Conference Explores Role of Muslim Americans in Solving Social Problems - Higher Education
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Conference Explores Role of Muslim Americans in Solving Social Problems

by Pearl Stewart

JACKSON, Miss.— Scholars, community organizers and Islamic leaders convened here over the weekend for a national conference examining “Race, Class and Religious Intersectionality in America” with a focus on the involvement of Muslims in addressing America’s social issues.

Subtitled “An Ongoing Struggle for Human Dignity,” one of the conference’s goals was to “bring out of the shadows and into the forefront the important work of Muslim American individuals, institutions and communities,” said conference organizer Okolo Rashid, president of the International Museum of Muslim Cultures in Jackson.

“What we’re doing now is really about educating and engaging the public and community around these issues,” Rashid said, adding that the four-day event supported by the W. K. Kellogg Foundation, was designed “to have a really candid conversation” to spur interest, scholarship and activism in examining Islamic culture at this critical time in America and throughout the world.

Ronald Mason, Jr.

Topics included education, race relations and law enforcement.

The panelists were challenged to offer “a way forward out of a deepening culture of racism, classism and denial of human dignity” and to help develop a prescription for addressing those issues.

Presenters agreed that education reform and increasing the numbers of African-American educators in the classroom and at administrative levels is essential. Several academics proposed ways in which historically Black colleges and universities (HBCUs) can improve the achievement levels of African-American youth and contribute to the overall advancement of communities of color.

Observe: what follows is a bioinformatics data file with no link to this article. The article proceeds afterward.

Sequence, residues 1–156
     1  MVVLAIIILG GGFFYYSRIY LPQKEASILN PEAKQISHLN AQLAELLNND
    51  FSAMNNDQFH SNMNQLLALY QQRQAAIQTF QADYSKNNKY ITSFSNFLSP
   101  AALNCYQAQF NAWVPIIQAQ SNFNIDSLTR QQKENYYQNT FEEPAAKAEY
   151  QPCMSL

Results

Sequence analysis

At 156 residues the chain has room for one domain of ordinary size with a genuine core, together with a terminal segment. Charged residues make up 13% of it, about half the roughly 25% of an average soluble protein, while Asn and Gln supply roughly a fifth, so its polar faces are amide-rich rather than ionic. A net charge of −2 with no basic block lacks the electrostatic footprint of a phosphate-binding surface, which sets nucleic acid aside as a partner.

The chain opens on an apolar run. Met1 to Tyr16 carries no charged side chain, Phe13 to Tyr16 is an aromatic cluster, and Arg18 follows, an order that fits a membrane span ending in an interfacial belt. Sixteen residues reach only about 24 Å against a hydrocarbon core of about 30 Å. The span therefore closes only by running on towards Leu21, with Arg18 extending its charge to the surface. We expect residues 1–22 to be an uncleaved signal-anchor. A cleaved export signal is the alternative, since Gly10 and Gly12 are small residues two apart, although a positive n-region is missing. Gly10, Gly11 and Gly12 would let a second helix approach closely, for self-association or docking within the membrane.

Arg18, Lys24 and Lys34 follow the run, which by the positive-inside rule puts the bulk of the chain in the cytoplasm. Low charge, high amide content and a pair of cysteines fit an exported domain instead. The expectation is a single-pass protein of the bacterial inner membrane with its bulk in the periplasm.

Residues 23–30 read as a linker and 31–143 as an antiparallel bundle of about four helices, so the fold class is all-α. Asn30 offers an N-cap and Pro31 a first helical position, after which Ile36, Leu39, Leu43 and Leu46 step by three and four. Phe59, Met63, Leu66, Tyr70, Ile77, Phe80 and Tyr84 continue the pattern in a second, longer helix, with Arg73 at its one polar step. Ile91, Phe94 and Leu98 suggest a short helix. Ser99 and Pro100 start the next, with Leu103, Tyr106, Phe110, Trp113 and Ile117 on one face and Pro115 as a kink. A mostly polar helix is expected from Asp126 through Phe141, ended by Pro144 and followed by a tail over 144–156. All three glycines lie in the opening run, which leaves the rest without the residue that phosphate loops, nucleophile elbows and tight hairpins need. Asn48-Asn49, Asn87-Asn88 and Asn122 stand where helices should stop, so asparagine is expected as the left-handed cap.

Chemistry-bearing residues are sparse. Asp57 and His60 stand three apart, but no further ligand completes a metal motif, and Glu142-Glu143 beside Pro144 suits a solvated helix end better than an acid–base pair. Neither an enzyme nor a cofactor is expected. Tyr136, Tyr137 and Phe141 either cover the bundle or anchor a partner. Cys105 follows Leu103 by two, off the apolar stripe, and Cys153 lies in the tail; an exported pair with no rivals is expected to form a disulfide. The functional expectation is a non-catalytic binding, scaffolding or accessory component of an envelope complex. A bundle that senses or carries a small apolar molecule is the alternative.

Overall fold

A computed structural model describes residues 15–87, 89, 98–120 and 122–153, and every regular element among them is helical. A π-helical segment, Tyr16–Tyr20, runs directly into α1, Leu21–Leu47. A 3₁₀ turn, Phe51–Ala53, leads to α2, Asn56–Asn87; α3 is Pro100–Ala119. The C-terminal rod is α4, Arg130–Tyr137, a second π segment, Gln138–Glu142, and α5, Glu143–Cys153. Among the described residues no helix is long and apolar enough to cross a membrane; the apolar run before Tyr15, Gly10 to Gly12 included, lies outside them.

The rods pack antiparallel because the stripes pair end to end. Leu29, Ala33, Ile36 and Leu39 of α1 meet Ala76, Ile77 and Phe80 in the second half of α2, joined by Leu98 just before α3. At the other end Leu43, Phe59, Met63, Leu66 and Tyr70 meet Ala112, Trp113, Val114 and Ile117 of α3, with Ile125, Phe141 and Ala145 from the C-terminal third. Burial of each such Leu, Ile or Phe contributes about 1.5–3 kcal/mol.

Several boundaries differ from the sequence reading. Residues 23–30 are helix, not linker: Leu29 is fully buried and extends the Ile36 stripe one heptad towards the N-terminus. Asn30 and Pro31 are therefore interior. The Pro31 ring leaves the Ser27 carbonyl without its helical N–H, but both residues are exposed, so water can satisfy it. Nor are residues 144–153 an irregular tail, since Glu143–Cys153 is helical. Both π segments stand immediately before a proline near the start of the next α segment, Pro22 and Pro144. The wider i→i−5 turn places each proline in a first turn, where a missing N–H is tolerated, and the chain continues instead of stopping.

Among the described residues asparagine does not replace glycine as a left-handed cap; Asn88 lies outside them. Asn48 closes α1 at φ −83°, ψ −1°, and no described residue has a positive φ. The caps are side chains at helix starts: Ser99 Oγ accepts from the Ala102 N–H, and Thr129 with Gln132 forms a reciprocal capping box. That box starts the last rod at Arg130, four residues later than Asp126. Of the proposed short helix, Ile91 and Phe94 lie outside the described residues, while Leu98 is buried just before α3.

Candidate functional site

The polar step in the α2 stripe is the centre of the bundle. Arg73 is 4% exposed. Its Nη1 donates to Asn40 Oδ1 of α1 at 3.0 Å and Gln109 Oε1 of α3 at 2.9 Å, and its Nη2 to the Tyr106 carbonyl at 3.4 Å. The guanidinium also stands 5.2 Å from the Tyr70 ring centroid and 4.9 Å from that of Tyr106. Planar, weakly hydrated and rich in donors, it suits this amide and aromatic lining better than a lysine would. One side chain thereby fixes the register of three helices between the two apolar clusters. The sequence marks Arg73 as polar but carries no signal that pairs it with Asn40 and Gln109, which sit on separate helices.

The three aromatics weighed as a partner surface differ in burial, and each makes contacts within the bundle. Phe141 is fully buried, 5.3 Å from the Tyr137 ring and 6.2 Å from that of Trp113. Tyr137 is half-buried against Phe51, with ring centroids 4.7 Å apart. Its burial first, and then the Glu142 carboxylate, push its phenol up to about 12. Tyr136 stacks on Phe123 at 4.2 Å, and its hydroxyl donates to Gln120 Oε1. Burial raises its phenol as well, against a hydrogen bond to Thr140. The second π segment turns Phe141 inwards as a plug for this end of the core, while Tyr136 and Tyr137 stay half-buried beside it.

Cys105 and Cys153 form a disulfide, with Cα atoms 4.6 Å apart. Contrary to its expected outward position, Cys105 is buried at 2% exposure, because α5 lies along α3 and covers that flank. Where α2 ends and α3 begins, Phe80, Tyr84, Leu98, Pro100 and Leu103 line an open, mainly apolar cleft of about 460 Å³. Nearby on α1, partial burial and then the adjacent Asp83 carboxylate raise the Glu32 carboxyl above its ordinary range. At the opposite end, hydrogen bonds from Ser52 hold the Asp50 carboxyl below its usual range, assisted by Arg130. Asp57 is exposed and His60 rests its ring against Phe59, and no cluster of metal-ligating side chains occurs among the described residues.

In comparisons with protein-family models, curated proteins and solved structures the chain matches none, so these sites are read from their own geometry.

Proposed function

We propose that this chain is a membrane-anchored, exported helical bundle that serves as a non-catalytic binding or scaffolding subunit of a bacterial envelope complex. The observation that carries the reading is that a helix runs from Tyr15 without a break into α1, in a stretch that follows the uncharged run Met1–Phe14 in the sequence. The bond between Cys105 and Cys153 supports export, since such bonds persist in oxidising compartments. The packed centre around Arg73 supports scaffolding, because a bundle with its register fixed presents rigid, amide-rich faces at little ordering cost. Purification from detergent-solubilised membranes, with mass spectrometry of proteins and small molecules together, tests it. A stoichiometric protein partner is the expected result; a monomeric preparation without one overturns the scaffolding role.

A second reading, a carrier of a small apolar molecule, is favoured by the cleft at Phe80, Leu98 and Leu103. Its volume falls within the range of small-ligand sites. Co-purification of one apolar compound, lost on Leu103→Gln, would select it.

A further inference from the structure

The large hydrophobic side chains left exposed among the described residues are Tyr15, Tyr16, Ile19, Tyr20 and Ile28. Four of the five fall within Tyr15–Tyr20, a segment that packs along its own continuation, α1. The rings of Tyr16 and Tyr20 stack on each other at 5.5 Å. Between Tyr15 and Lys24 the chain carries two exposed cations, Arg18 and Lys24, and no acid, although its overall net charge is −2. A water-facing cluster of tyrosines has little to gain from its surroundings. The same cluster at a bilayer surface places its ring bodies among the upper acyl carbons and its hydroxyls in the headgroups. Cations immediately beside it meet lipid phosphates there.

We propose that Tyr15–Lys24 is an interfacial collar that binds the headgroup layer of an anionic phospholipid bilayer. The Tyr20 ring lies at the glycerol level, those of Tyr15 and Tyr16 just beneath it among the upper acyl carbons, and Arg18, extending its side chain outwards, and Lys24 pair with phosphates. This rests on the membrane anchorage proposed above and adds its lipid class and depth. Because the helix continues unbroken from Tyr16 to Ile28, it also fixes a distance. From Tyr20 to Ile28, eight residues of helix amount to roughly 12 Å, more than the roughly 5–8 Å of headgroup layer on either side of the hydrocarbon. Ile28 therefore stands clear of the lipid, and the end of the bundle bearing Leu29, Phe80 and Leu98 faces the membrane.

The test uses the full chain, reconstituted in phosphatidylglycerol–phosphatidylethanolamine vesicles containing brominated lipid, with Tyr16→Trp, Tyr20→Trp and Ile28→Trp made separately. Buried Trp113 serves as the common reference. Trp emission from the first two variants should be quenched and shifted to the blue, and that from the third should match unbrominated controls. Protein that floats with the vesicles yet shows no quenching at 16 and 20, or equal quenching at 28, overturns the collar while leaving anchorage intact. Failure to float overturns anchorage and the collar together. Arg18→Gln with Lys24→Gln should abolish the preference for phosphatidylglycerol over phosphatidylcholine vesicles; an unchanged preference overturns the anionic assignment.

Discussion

Other academics focused on deep problems facing the country’s public education system. Dr. Hakim Rashid, a professor in Howard University’s School of Education, said HBCUs must enhance and expand their teacher education programs – not reduce or eliminate them as some are doing – in order to increase the numbers of African-American teachers and administrators in public schools, particularly Black men. He also suggested non-traditional recruitment approaches.

“We can’t just focus on the education majors,” Hakim Rashid said. “We have to go out and recruit people in other fields. We have to recruit people at the mid-career level. We have to recruit young men who may have issues in their past [such as] encounters with the criminal justice system.”

Dr. Clyde Robertson, director of the Center for African and African-American Studies at Southern University of New Orleans (SUNO), said his programs work with Muslim groups in New Orleans in the university’s community outreach efforts. He suggested that “HBCUs can address the issue of shortages of Black teachers by producing more of them, instead of downsizing colleges of education . . . those divisions should be strengthened and increased.”

Robertson outlined the accomplishments of HBCUs in educating outstanding African-Americans in myriad disciplines. However, with historical references to groundbreaking Black educators and authors  like Drs. Carter G. Woodson and W.E. B. Du Bois, he cautioned, “Despite these dynamic achievements, some argue that in recent years HBCUs might have retreated from their Africana responsibilities but what is perfectly clear is that until our institutions become rededicated to [their] communities they will become frayed and may one day, very soon, break.”

Ronald Mason, Jr., a lawyer and president of the University of the District of Columbia, touched on politics by raising issues about the state of America today “at a time when the [possibility] of nuclear destruction is real, the planet is starting to push back on what we’re doing to it, there is a real question about our relationship to nature . . .  and the top ten percent of the country control 77 percent of the wealth.”

Okolo Rashid said gatherings such as the Jackson conference are aimed at finding common ground and breaking down stereotypes and falsehoods.

”We’re rising above that,” she said. “That’s what this conference is about. We’re not going to let negativity and so-called alternative facts to keep us from going forward.”

 

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